They aren’t often super customizable from a design standpoint, and integrations with your existing system can be challenging, but they tend to be easy to use, and a good experience for your end users. Usually these are one time payments for the plugin, but a couple of the options are pay monthly.

Price: Usually a one-time fee between $50 – $200, occasionally a subscription.

Difficulty level: Intermediate


  • Designed for online learning
  • Easy to input your content
  • Student tracking and metrics
  • Highly expandable functionality with plugins and add-ons


  • Not really customizable from a design standpoint (some are better than others)
  • Can have steep learning curves
  • Often poor integration with email auto-responders
  • Host your own videos / content – difficult if you have TONS of it

When is a Learning Management Plugin best to use?

These are best when you have one or more standalone, or a series of courses that you want to sell, and you want a lot of interactivity with your students. Also, for when you want to keep people on your site, and you’re comfortable with getting your hands dirty with setup!

Because they offer payment setup as well, if you don’t already have an existing funnel or products, it can be simple to put everything course related under one ‘roof’ with these systems.

Finally, Learning Environments.

Teaching Environment Systems

These are frameworks like Thinkific, Teachable and Ruzuku, and they are 100% dedicated to selling and delivering your content. They exist OUTSIDE of your own blog, so the look is probably never going to be exactly like the rest of your site, but you can add your own branding and connect them to your web presence.

These are robust systems that are created specifically for education, the host the videos for you, which can be a great benefit when you have tons of content, and they look and work very efficiently, as they tend to be designed around the students user experience and updated AROUND that experience frequently.

What you lose in customization, in my opinion, you make up for in ease of use, and good user experience. Most of the environment-based platforms have a monthly fee plus a commission structure where they receive a portion of your sales, and some charge per student enrollment. This is the trade-off for things being easy, which many consider worth it. 😉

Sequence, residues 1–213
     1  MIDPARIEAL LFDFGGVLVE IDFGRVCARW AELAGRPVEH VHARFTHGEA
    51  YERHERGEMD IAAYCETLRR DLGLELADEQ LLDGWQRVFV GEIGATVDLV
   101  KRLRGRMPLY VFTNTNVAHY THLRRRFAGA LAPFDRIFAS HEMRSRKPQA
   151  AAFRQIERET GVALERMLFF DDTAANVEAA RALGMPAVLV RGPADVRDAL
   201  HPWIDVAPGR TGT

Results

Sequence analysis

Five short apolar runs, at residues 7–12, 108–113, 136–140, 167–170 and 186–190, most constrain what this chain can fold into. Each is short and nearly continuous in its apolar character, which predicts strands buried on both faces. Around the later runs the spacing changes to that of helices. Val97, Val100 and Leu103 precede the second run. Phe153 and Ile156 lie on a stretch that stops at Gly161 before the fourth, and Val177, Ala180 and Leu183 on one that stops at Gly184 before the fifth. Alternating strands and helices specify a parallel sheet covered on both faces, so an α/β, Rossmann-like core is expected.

Price: Per month + commission or per enrollment fee

Ease of Use: Beginner


  • Built in community functionality
  • Good user experiences
  • Many payment/promotion options
  • They host the content, saving you bandwidth/fees on hosting


  • More expensive
  • Not perfectly aligned with design or branding (unless you can code it up)
  • Not really ‘expandable’ what is included is what you get.

When should you use a learning environment?

These are ideal for when you don’t already have a website already, or when you’re not on WordPress, are weak on technology, and want advanced course-specific payment and promotion options like bundles and couponing.  (NOT to say the others don’t have this functionality – sometimes they do – but it tends to be better with the environments, in my experience) have LOTS of courses or want to work with multiple instructors.

Some of these, like Udemy, are also discovery networks, which can help you promote more easily, but not all of them are!

At the end of the day, none of these is better or worse than any of the others – but depending on where you are in your business and what your goals for your content are – one will be better for YOU.

Still not sure which one is best for your particular situation? Come on over to the Facebook Group and ask!

You can also book a quick call with me to discuss, and I have packages of technology support hours that you could purchase to have me do your setup for you (while teaching you how it works, of course!)